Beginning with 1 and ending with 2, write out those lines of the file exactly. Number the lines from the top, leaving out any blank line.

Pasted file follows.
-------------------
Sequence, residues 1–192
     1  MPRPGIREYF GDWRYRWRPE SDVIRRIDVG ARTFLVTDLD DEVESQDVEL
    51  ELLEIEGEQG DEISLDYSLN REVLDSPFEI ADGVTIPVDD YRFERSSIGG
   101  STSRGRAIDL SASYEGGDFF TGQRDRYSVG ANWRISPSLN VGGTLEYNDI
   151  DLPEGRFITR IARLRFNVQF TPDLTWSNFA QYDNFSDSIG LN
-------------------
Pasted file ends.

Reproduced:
Sequence, residues 1–192
     1  MPRPGIREYF GDWRYRWRPE SDVIRRIDVG ARTFLVTDLD DEVESQDVEL